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ISRA Thursday Bulletin – May 26, 2022

ISRA Thursday Bulletin – May 26, 2022

May 26, 2022

All law-abiding gun owners are outraged and saddened by the crime perpetrated by a madman in Uvalde, Texas.  All of us should join the people of Uvalde, Texas, in grieving for the loss of innocent lives.

The shooter is undoubtedly at fault.  He is not alone.  There are those who have resisted hiring more armed resource officers for schools, refusing to allow qualified teachers and staff to be trained and carry firearms in schools, and refusing to allow active shooter drills in schools.  Also at fault are the politicians who attack law-abiding gun owners and firearms instead of providing funds to schools and requiring them to harden the schools to make them more impervious to attack.

At both the state and national levels of government, we see money wasted on pet projects that help no one except friends of politicians.  We spend billions on foreign aid, phony COVID-19 projects, and who knows what else that doesn’t help the citizens in any way.  The plans on how to harden a school are out there.  All we need to do is pay for them which is a pittance compared to other projects.

The Illinois State Rifle Association stands ready to help police departments, teachers and staff train for such incidents with the resources we have. 

Memorial Day is fast approaching and while it is the unofficial beginning of summer it is much more.  Each year we need to remember the sacrifices of our soldiers who have preserved this nation and its freedoms.  We also need to make sure we take time to teach our children and grandchildren the meaning of Memorial Day. 

This year it is particularly important to attend or take part in Memorial Day activities because of the threats of violence by the left-wing mob who throw tantrums because they do not always get their way.  Our children must understand how great the United States is despite the antics of anarchists who really want to destroy our country.

Memorial Day started out as Decoration Day and was recognized locally by communities in both the North and the South before the end of the Civil War.  The Grand Army of the Republic (GAR) was a northern veteran’s organization that drove politics from after the Civil War until the turn of the century.  The leader of the Grand Army of the Republic at the time was General John A. Logan of Murphysboro, Illinois.  On May 30, 1868, he issued General Order #11 declaring May 30 be recognized as Decoration Day.  One of the reasons General Logan chose May 30 was because spring flowers were plentiful and could be used for decorating graves.  The influence of the GAR was so great that Civil War veterans insisted the date be recognized in their local communities.

May 30 remained know as Decoration Day until after WWI when people wanted to recognize WWI veterans also.  It became more commonly known as Memorial Day.  Growing up, I knew many WWI veterans who still referred to May 30 as Decoration Day because that is what it was called when they grew up.

One of the focal points of military funerals and Memorial Day events is the playing of TAPS.  There are a couple of renditions of how TAPS came to be.  One of those is below.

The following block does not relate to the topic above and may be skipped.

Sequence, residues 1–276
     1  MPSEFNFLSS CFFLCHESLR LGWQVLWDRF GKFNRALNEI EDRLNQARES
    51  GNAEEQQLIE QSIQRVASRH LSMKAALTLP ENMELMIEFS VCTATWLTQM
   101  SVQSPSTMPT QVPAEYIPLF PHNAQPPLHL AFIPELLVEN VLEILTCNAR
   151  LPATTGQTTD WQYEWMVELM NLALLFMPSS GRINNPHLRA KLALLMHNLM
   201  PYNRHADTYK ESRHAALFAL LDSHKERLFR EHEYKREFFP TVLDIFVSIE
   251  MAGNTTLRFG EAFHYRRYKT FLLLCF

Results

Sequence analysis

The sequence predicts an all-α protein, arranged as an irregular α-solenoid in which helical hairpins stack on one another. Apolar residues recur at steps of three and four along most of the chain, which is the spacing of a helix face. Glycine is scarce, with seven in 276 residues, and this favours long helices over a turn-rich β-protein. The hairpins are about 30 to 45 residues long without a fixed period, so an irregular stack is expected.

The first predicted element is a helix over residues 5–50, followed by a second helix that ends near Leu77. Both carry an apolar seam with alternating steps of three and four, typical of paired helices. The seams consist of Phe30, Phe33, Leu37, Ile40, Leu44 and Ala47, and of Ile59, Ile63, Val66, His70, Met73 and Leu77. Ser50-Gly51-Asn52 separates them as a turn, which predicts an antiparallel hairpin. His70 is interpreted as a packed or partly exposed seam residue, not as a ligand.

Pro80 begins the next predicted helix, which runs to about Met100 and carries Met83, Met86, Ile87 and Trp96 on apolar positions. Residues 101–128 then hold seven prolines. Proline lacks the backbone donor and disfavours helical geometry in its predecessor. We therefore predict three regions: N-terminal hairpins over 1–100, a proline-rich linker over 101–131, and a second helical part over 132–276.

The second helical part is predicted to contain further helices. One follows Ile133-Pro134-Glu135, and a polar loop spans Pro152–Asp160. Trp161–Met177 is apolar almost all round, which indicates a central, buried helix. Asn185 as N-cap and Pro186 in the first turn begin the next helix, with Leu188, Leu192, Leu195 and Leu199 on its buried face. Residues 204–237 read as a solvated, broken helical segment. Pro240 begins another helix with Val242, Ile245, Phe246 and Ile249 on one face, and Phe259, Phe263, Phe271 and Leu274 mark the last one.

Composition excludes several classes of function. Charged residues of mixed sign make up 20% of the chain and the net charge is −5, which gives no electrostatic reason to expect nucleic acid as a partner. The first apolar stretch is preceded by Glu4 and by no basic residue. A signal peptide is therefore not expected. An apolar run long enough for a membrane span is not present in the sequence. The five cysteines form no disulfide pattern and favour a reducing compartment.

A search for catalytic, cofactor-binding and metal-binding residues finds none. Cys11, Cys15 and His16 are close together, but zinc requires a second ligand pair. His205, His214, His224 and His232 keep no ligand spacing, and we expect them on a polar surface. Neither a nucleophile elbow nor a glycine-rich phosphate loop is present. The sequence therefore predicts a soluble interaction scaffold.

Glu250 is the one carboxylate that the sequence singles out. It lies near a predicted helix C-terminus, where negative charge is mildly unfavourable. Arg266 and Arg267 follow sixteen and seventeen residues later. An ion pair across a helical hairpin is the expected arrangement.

During the Civil War, in July 1862, when the Army of the Potomac was in camp, Brig. Gen. Daniel Butterfield summoned Pvt. Oliver Willcox Norton, his brigade bugler, to his tent.  Butterfield, who disliked the colorless “extinguish lights” call then in use, whistled a new tune and asked the bugler to sound it for him.  After repeated trials and changing the timing of some notes, which were scribbled on the back of an envelope, the call was finally arranged to suit Gen. Butterfield and used for the first time that night.  Pvt. Norton, who on several occasions, had sounded numerous new calls composed by his commander, recalled his experience of the origin of “Taps” years later.

“He then ordered that it should be substituted in his brigade for the regulation “Taps” (extinguish lights) which was printed in the Tactics and used by the whole army.  This was done for the first time that night.  The next day, buglers from nearby brigades came over to the camp of Butterfield’s brigade to ask the meaning of this new call.  They liked it, and copying the music, returned to their camps, but it was not until sometime later, when generals of other commands had heard its melodious notes, that orders were issued, or permission given, to substitute it throughout the Army of the Potomac for the time-honored call which came down from West Point.

In the western armies, the regulation call was in use until the autumn of 1863.  At that time, the XI and XII Corps were detached from the Army of the Potomac and sent under command of Gen. Hooker to reinforce the Union Army at Chattanooga, Tennessee.  Through its use in these corps, it became known in the western armies and was adopted by them.  From that time, it became and remains to this day, the official call for “Taps.”  It is printed in the present Tactics and is used throughout the U.S. Army, the National Guard, and all organizations of veteran soldiers.

Gen. Butterfield, in composing this call and directing that it be used for “Taps” in his brigade, could not have foreseen its popularity and the use for another purpose into which it would grow. Today, whenever a man is buried with military honors anywhere in the United States, the ceremony is concluded by firing three volleys of musketry over the grave and sounding with the trumpet or bugle “Put out the lights. Go to sleep”…There is something singularly beautiful and appropriate in the music of this wonderful call.  Its strains are melancholy, yet full of rest and peace. Its echoes linger in the heart long after its tones have ceased to vibrate in the air.

Day is done,
gone the sun,
From the hills,
from the lake,
From the skies.
All is well,
safely rest,
God is nigh.
Go to sleep,
peaceful sleep,
May the soldier
or sailor,
God keep.
On the land
or the deep,
Safe in sleep.
Love, good night,
Must thou go,
When the day,
And the night
Need thee so?
All is well.
Speedeth all
To their rest.
Fades the light;
And afar
Goeth day,
And the stars
Shineth bright,
Fare thee well;
Day has gone,
Night is on.

Thanks and praise,
For our days,
‘Neath the sun,
Neath the stars,
‘Neath the sky,
As we go,
This we know,
God is nigh.

I have attended many funerals of veterans.  I have heard many long winded eulogies at military funerals.  I don’t know about you, but my mind starts to wander after a while when whoever is giving the eulogy seems to be searching for meaning during the eulogy.  Here is a standard eulogy for a soldier; this poem was written by an Army Veteran named Charles Province.  What inspired him to write were his thoughts about the causalities of war, the killed, the missing, the wounded, soldiers bodies washing up on the beaches of Normandy and Iwo Jima.  It’s called a Soldier’s Poem:

It is the Soldier, not the minister, who has given us freedom of religion. It is the Soldier, not the reporter, who has given us freedom of the press.